How to test a dishwasher's timer:

Common dishwasher timer

Use our step-by-step dishwasher repair guide to learn how to test your timer. Once you have diagnosed the problem we have the OEM replacement timer that fits your appliance.

Disconnect the power source to your dishwasher before you conduct this or any other test. Either unplug the unit from the wall outlet, remove the appropriate fuse from the fuse box, or flick the appropriate breaker in the circuit breaker panel.

The purpose of a dishwasher timer is to control the unit's cycles by regulating the length of time that power is directed to each component. It is not common for dishwasher timers to malfunction, and they are often misdiagnosed as having failed when they are actually fully operational.

TIP: If you do have a timer motor that has failed, consider replacing just the motor itself and not the entire assembly. Timer motors can be considerably cheaper than the complete timer assembly.

Before you can begin to test your dishwasher's timer motor, you must first locate the device. It is a part of the timer assembly. Timer assemblies are located either in the control panel at the top of the dishwasher door, or behind the lower kickplate at the bottom of the unit.

To get to a timer located in the unit's control panel, first examine the outside of the appliance. Sometimes, depending on the model, you only have to remove a couple of screws in order to remove the outer control panel. In other cases, you will have to remove either the entire internal door panel, or the entire external door panel. In each case, the panel can be removed by removing anywhere from 6 - 10 screws. Be careful to not remove the screws at the very bottom of the door that are actually a part of the hinge assembly. Removing the hinge assembly screws will remove the entire door from the appliance, which is not at all necessary to test the unit's timer. With all of the screws removed, the door panel should be easy to lift off of the door assembly. If you have difficulty lifting the panel, look for other screws you may have missed. There may or may not be a smaller control panel cover. If you do discover one, it will be held in place with either a couple of screws or a couple of clips.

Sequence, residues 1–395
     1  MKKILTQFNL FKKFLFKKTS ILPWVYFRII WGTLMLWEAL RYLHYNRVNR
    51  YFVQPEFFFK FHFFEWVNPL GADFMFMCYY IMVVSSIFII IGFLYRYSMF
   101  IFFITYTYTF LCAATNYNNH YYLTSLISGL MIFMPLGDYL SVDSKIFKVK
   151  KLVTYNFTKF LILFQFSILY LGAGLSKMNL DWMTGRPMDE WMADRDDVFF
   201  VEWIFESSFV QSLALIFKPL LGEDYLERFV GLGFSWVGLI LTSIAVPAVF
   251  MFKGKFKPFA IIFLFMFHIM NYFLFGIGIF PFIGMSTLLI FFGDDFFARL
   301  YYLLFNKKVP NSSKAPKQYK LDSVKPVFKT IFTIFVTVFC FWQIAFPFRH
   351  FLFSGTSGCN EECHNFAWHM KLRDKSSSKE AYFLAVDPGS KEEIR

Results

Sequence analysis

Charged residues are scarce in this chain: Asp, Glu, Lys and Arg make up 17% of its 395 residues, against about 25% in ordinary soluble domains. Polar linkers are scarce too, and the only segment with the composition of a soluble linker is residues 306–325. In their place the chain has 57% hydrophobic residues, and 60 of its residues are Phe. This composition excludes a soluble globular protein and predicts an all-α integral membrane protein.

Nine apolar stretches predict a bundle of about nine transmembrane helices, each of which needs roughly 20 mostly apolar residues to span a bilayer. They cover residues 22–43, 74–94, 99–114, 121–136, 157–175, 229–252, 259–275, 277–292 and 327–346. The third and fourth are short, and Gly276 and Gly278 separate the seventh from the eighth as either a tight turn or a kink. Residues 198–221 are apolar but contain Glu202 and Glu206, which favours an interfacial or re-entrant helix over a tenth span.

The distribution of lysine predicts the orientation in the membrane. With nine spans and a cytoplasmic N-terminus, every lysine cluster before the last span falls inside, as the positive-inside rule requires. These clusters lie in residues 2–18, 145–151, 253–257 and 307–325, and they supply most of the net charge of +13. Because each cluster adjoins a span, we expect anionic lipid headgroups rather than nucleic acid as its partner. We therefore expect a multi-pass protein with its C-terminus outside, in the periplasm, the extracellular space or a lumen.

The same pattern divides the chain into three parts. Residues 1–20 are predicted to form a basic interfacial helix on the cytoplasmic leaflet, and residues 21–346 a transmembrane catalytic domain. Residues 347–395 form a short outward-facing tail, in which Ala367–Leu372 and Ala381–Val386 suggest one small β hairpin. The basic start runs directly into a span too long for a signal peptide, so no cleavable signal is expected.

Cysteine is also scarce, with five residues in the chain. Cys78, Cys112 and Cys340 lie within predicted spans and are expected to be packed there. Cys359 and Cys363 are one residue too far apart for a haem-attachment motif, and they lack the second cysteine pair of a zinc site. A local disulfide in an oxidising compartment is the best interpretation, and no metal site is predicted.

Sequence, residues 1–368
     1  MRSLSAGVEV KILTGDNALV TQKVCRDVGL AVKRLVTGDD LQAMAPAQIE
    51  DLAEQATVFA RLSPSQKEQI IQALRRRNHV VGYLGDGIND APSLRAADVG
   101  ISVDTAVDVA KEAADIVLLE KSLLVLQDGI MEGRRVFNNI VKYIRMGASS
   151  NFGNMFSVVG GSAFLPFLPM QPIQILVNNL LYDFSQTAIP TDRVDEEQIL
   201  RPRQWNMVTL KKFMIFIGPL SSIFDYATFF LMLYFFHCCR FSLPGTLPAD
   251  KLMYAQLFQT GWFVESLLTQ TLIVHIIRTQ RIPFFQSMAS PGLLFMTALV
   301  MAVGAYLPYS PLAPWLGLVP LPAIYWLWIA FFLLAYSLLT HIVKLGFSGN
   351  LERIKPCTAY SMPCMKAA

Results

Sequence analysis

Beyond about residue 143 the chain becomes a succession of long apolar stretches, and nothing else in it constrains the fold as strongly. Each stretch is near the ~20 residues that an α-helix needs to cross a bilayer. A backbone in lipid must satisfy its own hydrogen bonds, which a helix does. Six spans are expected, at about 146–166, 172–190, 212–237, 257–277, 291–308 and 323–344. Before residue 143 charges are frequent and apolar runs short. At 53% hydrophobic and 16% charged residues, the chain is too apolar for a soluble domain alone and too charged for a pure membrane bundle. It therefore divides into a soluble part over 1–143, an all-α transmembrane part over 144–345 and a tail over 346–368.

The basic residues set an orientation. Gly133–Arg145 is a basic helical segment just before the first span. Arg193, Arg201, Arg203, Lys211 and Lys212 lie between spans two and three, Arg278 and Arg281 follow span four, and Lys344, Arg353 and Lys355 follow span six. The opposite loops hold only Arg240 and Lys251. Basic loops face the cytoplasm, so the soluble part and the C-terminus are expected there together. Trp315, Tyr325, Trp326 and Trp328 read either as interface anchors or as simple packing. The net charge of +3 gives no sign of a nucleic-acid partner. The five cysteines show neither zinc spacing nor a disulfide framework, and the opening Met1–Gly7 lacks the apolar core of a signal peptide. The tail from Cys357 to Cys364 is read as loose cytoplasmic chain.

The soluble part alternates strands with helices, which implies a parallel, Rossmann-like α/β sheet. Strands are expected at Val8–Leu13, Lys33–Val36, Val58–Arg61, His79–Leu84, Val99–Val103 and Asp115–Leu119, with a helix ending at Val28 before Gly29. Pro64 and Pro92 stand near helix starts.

With the dishwasher's control components fully exposed, you may discover that your model uses two timer motors. The second one will be a rapid advance motor. It is operational when the wash cycle is cancelled or reset. If you are unsure which timer is which, then test each of them.

To get to a dishwasher timer located behind the lower kickplate at the bottom of the unit, simply remove the few screws holding the kickplate panel in place. With the panel removed, you will be able to identify and locate the timer and its motor.

There will be two wires extending from the round motor housing. Follow the wires until you locate the connectors. Label the wires so that you will be able to reconnect them later in the right positions. Carefully remove the wires. Do not pull on the wire itself. Needle nose pliers may be needed to pull gently on the wire connector.

Set your ohmmeter to the x 1000 setting. Take each probe and touch it to one wire. A normal reading for most dishwashers is in the 2000 to 3500 ohms range. Try to locate a schematic for your dishwasher. It should be in one of the service areas of your dishwasher or in the owner's manual. This schematic should indicate the proper resistance reading for your specific timer motor.

If the reading you receive from testing your timer's motor differs greatly from the range presented here, then you should replace your timer motor, or the entire timer assembly.

For more information about dishwasher timers: